When I visit my young friends in a remote village in Africa, they impress me so much by their ability to share anything. If given a pencil, they share it. If given a candy bar, they quickly calculate how many pieces it can be broken into so that everyone gets a share of it. They cannot really seem to enjoy what they have unless they are sharing it with others. Isn’t it interesting that people who have so little are concerned with giving to others out of whatever they receive?
These young children have adopted an abundancy mentality — there is enough for everyone and I have hope there will be more, so I can share. The alternative is a scarcity mentality — I must hold on to what I have because the resources are limited and I have no hope to obtain more.
In organizations, I see this played out most often when promotions are given. Members of a healthy team celebrate the accomplishments of others, believing progress for some, is progress for all. Healthy team members also believe there is enough opportunity for everyone and realize that success for one gives hope for all. A scarcity mentality is often prevalent on unhealthy teams. In that environment, team members resent the success of others because they believe that it limits individual opportunity. If someone else achieves a goal or dream, they believe that there is less for anyone else to achieve.
Remember the Lay’s potato chip advertisement that encouraged buyers to go ahead and indulge? Their tag line was, “Go ahead! We’ll make more!” That ad appealed to the abundancy mentality within the buyer. There is no need to ration out the chips or save for later — Lay’s assured there would be more!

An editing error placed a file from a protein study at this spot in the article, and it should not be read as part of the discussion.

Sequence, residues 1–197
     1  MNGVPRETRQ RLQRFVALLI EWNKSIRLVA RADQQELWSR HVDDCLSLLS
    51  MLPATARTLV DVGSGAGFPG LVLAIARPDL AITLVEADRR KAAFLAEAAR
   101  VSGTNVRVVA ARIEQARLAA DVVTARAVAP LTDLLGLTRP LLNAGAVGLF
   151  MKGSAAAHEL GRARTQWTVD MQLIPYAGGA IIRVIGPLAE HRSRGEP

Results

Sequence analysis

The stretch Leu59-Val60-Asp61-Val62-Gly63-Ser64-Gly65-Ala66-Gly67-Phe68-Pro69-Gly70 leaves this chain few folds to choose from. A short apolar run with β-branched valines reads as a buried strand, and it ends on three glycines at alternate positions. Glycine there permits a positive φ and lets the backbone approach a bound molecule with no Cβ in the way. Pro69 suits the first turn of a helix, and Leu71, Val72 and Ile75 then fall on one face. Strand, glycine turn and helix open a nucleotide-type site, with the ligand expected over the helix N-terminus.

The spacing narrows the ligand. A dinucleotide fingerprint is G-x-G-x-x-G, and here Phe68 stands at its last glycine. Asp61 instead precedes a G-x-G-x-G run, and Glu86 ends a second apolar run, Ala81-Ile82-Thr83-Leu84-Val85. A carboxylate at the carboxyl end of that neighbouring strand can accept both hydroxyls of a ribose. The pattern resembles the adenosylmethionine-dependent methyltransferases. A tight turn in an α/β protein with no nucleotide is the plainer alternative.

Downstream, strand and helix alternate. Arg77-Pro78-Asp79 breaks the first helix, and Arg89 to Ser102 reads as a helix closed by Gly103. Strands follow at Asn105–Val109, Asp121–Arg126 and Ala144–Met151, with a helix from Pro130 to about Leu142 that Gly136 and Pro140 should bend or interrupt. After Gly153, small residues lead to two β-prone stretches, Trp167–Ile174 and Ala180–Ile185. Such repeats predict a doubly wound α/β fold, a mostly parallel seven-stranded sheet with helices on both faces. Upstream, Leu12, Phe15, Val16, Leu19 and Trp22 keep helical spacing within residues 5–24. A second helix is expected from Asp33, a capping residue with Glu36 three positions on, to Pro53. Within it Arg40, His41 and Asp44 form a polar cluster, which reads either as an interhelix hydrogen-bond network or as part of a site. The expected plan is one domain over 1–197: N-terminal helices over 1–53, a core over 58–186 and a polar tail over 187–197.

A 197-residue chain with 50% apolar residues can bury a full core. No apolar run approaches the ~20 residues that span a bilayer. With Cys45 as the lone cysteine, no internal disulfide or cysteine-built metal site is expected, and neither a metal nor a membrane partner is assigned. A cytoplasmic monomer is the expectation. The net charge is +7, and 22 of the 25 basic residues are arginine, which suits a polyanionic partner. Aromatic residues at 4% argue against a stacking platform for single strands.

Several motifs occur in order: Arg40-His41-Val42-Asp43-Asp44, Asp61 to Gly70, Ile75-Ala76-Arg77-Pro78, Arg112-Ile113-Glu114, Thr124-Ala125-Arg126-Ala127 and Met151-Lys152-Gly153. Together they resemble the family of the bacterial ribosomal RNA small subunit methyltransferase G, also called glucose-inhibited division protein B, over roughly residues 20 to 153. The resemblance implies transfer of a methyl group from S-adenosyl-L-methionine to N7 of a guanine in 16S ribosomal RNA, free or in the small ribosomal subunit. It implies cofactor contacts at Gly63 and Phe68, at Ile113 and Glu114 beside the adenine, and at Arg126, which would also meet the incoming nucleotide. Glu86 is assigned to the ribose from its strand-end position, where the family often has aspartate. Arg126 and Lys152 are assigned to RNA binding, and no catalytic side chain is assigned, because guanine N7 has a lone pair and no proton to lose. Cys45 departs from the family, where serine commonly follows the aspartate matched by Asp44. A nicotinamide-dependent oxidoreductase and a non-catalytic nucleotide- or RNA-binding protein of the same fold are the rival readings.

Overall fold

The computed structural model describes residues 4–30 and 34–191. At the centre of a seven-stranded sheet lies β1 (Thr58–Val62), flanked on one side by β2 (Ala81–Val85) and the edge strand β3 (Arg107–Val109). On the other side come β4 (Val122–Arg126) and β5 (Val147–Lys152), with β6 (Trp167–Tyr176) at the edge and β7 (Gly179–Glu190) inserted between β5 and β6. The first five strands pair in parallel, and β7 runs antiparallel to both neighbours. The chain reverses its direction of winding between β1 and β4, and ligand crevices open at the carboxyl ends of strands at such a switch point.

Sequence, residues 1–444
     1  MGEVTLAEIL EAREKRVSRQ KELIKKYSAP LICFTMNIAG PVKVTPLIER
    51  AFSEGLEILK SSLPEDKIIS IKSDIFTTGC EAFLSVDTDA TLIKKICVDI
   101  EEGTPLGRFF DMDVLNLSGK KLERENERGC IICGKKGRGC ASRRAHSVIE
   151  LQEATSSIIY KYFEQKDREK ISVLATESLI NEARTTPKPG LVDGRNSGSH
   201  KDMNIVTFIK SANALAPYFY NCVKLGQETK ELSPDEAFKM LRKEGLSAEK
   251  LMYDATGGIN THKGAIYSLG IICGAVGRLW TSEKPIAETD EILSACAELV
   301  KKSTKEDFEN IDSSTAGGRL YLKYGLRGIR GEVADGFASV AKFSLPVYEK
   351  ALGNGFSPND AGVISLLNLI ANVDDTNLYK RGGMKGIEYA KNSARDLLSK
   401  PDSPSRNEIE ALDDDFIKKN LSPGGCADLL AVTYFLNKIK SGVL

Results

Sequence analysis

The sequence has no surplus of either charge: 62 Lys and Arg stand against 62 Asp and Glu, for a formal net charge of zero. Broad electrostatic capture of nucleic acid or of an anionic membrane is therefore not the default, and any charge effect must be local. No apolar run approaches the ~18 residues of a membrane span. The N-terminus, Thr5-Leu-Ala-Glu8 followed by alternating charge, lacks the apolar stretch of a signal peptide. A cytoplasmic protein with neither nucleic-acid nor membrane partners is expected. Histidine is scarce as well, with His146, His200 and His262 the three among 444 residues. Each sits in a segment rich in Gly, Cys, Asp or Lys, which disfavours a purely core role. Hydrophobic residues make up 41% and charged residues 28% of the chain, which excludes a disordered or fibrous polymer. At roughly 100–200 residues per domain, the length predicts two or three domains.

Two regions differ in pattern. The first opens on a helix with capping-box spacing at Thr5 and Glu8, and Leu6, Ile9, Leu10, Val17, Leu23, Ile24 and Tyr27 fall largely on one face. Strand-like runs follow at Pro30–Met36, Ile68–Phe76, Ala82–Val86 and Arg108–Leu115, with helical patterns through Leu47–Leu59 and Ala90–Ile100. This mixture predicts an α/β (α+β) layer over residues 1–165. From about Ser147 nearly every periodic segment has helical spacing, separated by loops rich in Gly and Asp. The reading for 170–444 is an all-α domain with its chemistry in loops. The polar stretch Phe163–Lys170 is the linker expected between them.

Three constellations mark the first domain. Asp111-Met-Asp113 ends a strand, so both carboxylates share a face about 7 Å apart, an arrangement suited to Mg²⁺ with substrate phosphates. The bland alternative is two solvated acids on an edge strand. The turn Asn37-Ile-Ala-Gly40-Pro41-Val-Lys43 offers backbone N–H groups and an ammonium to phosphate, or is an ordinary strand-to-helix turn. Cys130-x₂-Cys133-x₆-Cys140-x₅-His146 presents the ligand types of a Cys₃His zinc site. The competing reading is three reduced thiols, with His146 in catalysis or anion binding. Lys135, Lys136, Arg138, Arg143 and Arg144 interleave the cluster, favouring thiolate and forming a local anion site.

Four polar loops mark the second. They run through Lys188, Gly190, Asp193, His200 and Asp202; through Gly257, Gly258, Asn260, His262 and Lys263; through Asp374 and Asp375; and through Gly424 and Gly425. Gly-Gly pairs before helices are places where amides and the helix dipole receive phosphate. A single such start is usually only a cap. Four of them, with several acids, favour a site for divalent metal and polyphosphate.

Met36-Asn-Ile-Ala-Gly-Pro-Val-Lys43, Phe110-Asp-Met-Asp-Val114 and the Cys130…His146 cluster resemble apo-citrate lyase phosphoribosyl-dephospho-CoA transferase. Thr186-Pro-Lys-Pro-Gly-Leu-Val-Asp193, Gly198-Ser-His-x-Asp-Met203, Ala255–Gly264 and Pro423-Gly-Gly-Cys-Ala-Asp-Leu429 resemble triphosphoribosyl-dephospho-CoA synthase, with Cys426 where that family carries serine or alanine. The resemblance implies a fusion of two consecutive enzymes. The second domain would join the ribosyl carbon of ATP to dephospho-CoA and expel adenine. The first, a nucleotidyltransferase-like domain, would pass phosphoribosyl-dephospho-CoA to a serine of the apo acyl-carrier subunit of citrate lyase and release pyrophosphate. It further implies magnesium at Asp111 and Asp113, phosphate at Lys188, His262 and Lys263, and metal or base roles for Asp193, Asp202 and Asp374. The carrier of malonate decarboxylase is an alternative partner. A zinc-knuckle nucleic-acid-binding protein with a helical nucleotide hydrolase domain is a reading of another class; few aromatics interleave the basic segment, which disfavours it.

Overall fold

Great leaders have an abundancy mentality. They see opportunity for themselves and others everywhere. They realize that success for others does not limit their own opportunity, but actually paves the way of success for others.
How do you identify abundancy mentality in others?
1. People who have an abundancy mentality foster other people’s dreams. Sure, they have dreams of their own, but they are interested that everyone achieves their dreams. They know this will make the team as a whole stronger.
2. People who have an abundacy mentality have confidence. They believe in a unique and chosen plan for their own life and know that it is not impacted by the accomplishments of others.
3. People who have an abundacy mentality coach and mentor others. They share their time and talents to support the success of others.
4. People who have an abundacy mentality are optimistic. They are positive in their outlook and rarely, if ever, complain. They see the best in others and celebrate it.
5. People who have an abundancy mentality are generous. They freely share their ideas, talents, advice and expertise. They are not concerned with who gets the credit.
Leaders and team members with abundancy mentalities strengthen the culture of a team and exponentially increase the likelihood of achieving team results. Unlike those with scarcity mentalities who limit and restrain the team, they propel themselves and the team forward into immeasurable success. Abundancy mentality is a trait you may want to consider in making your next hire or selecting your next leader. It’s a decision that could significantly and positively impact the health of your team.